Notre Dame anthropologist Luis Felipe R. Murillo is helping launch a collaborative project focused on climate change issues with funding from the National Science Foundation that aims to promote the principles of open science.
The NSF is investing $12.5 million in 10 projects to “foster catalytic improvements in scientific communities,” including two that will be led by University faculty.
Murillo, an assistant professor in the Department of Anthropology, will utilize NSF funds to establish a hub — SEEKCommons (Socio-Environmental Knowledge Commons) — that unites social and environmental scientists with people most affected by climate change.
Together, they aim to both research social environmental projects that make use of open technologies and catalyze a network of researchers working on the intersection of social environmental research with open technology.
Open science (and the hub) represent a renewed way of thinking about technology, Murillo said. The team’s research, designs, software, and data will be accessible to all and can be freely studied, modified, redistributed, and improved.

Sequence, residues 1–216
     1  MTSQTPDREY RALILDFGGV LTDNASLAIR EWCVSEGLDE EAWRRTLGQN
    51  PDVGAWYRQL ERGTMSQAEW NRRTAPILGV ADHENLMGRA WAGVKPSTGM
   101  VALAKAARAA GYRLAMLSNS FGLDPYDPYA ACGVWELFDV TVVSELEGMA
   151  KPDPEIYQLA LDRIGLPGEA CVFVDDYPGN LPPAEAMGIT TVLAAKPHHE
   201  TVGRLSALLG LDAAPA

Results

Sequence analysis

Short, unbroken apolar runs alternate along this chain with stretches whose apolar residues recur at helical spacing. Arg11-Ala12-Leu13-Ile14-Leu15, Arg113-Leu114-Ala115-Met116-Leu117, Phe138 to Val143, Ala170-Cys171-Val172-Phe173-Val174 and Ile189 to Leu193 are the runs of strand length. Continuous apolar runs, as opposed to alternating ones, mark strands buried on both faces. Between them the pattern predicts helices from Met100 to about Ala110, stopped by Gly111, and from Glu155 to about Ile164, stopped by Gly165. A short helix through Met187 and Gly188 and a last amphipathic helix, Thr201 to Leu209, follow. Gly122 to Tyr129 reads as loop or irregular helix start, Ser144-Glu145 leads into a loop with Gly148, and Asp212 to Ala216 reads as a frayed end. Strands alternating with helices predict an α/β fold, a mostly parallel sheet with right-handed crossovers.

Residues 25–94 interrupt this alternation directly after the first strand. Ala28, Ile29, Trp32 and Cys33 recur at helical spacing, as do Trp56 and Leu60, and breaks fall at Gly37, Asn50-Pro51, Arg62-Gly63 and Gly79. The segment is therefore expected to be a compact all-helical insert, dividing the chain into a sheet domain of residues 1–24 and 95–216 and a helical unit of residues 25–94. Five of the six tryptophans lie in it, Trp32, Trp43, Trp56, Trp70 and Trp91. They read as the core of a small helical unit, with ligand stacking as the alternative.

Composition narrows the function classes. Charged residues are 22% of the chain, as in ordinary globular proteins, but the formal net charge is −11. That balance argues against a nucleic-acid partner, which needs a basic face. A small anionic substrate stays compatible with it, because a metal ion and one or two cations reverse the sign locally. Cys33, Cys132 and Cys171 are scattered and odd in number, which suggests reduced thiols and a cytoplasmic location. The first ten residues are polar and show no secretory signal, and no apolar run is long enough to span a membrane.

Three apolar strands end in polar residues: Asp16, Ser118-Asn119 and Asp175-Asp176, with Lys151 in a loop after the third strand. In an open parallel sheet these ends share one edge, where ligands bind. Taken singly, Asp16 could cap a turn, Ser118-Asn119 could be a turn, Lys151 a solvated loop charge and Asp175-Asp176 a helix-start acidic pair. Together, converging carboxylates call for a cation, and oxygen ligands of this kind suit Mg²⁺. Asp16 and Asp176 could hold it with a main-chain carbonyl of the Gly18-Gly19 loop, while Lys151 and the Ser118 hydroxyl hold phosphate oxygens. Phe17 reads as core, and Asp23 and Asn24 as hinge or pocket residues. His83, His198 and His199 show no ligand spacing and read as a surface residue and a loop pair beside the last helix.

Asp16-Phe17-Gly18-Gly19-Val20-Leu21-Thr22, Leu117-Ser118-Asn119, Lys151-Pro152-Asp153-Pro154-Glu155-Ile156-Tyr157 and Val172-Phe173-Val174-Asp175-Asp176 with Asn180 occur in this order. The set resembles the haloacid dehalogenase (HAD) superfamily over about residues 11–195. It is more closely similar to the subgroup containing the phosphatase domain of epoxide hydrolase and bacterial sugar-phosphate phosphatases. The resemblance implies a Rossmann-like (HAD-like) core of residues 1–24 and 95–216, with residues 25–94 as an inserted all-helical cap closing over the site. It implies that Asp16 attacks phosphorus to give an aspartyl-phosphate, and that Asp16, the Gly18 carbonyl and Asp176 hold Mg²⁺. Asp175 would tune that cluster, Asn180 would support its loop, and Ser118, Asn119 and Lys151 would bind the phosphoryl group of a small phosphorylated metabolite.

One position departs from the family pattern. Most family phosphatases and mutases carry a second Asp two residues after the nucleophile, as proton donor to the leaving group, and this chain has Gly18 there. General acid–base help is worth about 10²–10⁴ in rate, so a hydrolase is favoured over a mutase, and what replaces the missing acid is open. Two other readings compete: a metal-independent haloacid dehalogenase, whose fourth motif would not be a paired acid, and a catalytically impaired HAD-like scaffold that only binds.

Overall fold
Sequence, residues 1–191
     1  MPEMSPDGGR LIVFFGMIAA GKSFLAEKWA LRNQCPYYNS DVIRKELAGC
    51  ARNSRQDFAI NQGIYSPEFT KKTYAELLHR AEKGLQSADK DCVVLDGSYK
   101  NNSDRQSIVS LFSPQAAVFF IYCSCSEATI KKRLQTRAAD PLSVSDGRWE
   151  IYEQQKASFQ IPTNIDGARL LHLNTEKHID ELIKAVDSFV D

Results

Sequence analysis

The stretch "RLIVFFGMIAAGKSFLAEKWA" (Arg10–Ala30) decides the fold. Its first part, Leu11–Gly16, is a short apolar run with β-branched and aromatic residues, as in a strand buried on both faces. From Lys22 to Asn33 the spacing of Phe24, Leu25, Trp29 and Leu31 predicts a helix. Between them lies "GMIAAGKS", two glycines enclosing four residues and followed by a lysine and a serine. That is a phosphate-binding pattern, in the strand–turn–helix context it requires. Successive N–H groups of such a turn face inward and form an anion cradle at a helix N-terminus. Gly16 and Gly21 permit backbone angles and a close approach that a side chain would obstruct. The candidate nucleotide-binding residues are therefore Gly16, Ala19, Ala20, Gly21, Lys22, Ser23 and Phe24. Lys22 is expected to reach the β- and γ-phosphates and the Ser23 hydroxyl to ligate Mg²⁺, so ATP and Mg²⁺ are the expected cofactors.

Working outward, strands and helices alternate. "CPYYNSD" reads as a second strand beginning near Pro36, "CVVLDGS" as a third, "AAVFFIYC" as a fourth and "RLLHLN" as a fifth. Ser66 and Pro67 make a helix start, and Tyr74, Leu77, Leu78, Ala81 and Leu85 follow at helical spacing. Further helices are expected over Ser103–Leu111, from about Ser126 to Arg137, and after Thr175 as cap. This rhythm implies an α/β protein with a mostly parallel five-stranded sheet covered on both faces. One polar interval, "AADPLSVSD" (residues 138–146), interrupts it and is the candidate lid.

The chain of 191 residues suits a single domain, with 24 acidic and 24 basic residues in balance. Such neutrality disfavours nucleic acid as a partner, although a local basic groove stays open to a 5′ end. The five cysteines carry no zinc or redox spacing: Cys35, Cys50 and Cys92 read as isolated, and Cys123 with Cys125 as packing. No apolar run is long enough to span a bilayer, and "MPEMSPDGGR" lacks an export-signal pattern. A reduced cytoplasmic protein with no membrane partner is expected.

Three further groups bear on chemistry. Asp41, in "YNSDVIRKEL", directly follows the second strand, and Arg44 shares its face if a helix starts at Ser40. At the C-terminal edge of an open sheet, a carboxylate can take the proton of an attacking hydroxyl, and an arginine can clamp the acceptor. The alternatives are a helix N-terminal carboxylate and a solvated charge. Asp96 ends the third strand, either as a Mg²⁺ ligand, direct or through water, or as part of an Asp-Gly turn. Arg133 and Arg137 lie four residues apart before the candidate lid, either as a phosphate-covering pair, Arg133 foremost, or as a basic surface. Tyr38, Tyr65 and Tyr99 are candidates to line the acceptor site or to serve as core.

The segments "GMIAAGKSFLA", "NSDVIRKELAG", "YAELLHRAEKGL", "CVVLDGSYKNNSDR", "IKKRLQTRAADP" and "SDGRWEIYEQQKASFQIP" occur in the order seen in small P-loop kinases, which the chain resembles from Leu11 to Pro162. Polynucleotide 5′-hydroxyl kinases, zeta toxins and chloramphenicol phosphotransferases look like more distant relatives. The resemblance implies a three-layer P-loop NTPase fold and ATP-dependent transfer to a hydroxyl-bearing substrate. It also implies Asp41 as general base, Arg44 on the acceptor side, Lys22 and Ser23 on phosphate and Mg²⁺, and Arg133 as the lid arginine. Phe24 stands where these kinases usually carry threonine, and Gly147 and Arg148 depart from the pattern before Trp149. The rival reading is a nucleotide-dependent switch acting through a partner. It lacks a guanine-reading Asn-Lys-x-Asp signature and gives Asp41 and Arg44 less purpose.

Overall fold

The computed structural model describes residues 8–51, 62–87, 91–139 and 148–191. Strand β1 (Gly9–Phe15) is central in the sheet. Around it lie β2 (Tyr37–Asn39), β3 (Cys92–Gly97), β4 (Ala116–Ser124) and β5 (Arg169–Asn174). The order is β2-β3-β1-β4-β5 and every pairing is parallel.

By addressing the climate crisis, Murillo said the hub — similar to Notre Dame — attends to the common good.
"We're fundamentally interested in technology for community-making. When we have open technologies, we can leverage them to support the communities that need to address very complex climate issues,” said Murillo, who is also an affiliate of the Notre Dame Technology Ethics Center (ND-TEC).
“(The issues) cannot be solved by social scientists alone. They cannot be solved by policymakers alone. And they cannot be solved by climate activists alone. So, the idea of bringing them together, using open technologies as a tool for community-making is very important in our project.”
Another Notre Dame-led NSF Open Science project involves physics professor Michael Hildreth. He’ll create a cyberinfrastructure — a “continuous pipeline between the data and results” for particle physics research.
Natalie Meyers, associate director of operations and professor of the practice at the Lucy Family Institute for Data & Society, said both projects will ensure their data is FAIR — findable, accessible, interoperable, and reusable.
"The FAIR principles are core open science principles,” she said. “We know that by practicing open science you help your future self as well as the broader community. You enable scientists and even machine learning algorithms to make new discoveries, and you empower organizations and individuals who can use your data to make a difference.”